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How to Choose a USB Drive Chip for Your USB Purchase?

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  If you have been thinking of buying a new USB Pen Drive, you may have heard the term memory chip. Understanding more about memory chips can help you choose the best components for your next USB purchase.

  What is a flash memory chip?

  A flash memory chip is an important part of a USB device, such as a USB drive. Flash memory chips are EEPROM (electrically erasable programmable read-only memory) chips that can be erased and reprogrammed in blocks instead of one byte at a time.

  Since flash memory chips are non-volatile, they do not need a constant power supply to retain their data. Flash memory chips offer extremely fast access times, low power consumption, and are relatively immune to severe shock or vibration. Their lifespan is approximately 100,000 write cycles, which makes them unsuitable for use as computer main memory.

  Typically, flash memory chips are used in portable devices such as digital cameras, smartphones, and MP3 players. USB drives and memory cards also use flash memory to store data.

  Types of flash memory

  Flash memory can be divided into two categories: NOR and NAND.

  NOR and NAND flash memory differs in their architecture and design characteristics.

  NOR flash memory does not use shared components and can be used to connect individual memory cells in parallel, allowing random access to data.

  A NAND flash cell is more compact and has fewer bit lines. They are used to string together floating gate transistors to increase storage density. It is better suited for serial rather than random data access.

  NOR flash reads data fast, but it is generally slower than NAND when it comes to erasing and writing. NOR flash programs data at the byte level, while NAND flash programs data in pages. Pages are larger than bytes but smaller than blocks. For instance, a page may be 4 kilobytes (KB) in size, while a block can be between 128 KB to 256 KB or megabytes in size. NAND flash consumes less power than NOR flash for writing applications.

  NOR flash is costlier than NAND flash and is mostly used in consumer and embedded devices for boot purposes and read-only applications for code storage.

  NAND flash is more suitable for data storage in consumer devices and enterprise server and storage systems due to its lower cost per bit to store data, greater density, and higher programming and erase speeds. It is mainly found in memory cards, USB flash drives, feature phones, smartphones, and other similar products, for storing and transferring data.

  Types of NAND flash memory storage

  Manufacturers have developed different types of NAND flash memory for a wide range of data storage needs.

  These are:

  · Single-Level Cell (SLC), which can store one bit per cell.

  · Multi-Level Cell (MLC), which can store two bits per cell.

  · Triple-Level Cell (TLC), which can store three bits per cell.

  · Quad-Level Cell (QLC), which can store four bits per cell.

  Difference between SLC, MLC, TLC, and QLC

  The difference between SLC, MLC, TLC, and QLC memory cells lies in their speed, capacity, and service life. Let’s illustrate with an example of 16GB USB 3.0’s read-write speed to help you better understand the differences.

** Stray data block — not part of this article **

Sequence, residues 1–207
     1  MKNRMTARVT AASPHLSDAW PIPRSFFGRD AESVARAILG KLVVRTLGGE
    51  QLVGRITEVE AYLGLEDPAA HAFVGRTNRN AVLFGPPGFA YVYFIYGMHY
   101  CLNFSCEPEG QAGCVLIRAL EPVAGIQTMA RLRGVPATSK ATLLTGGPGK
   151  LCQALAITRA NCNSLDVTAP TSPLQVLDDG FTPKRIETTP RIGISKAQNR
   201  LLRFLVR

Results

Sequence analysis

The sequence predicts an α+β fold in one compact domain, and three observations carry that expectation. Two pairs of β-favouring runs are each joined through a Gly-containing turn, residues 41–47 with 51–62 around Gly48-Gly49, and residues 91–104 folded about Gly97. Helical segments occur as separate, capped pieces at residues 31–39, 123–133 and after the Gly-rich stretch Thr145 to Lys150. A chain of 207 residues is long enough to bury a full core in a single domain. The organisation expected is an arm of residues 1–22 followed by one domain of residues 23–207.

It takes a lot more time to write multiple bits to a single cell. Hence, SLCs are usually the fastest and also the most reliable. SLC also has the most extended life and is also the most stable. The USB 3.0 16GB made by SLC can reach 40mb/s writing and 80mb/s reading speed.

  MLC has the second-longest service life, regular speed, and stable quality. A 16 GB USB 3.0 made of MLCs has a writing speed of 20 MB/s and a reading speed of 80 MB/s.

  Thanks to technological advancements, the speed and capacity of TLC have improved a lot. A 16 GB USB 3.0 made of TLC has a writing speed of 12 MB/s and a reading speed of 70 MB/s.

  QLC has the shortest service life. Hence, it is not a very popular choice when it comes to the storage market.

  How to confirm these chips?

  It may not be possible to distinguish these chips in terms of speed and capacity alone. However, there are other ways to tell the difference.

  The easiest way to identify a chip is to look at the ID number of the chip. However, if you are a regular customer, it may not be possible to do so. It is imperative that you chose a reputed, long-established brand when choosing a supplier for your USB drive.

  Different customers have different requirements when it comes to memory chips. If you are in the photography and audio-visual business, we highly recommend that you choose the SLC chip because this chip is stable and fast. In such professions, it is important that data is saved safely, and the SLC does just that.

  Of course, if you do not require speed, the MLC chip is a cost-effective alternative. Whether you want to use it for storage chips or high-end gifts, this is a perfect choice.

  For customers who are looking at giving USB devices as promotional gifts, the price can be an important factor, especially when the product is given to the customer for free. At this point, you can choose the TLC chip. Some customers may choose MLC chips because the price difference is not very big, but the defect rate in MLC is lower.

  Understanding memory chips and their different types can help you choose the best USB products when you go shopping next.


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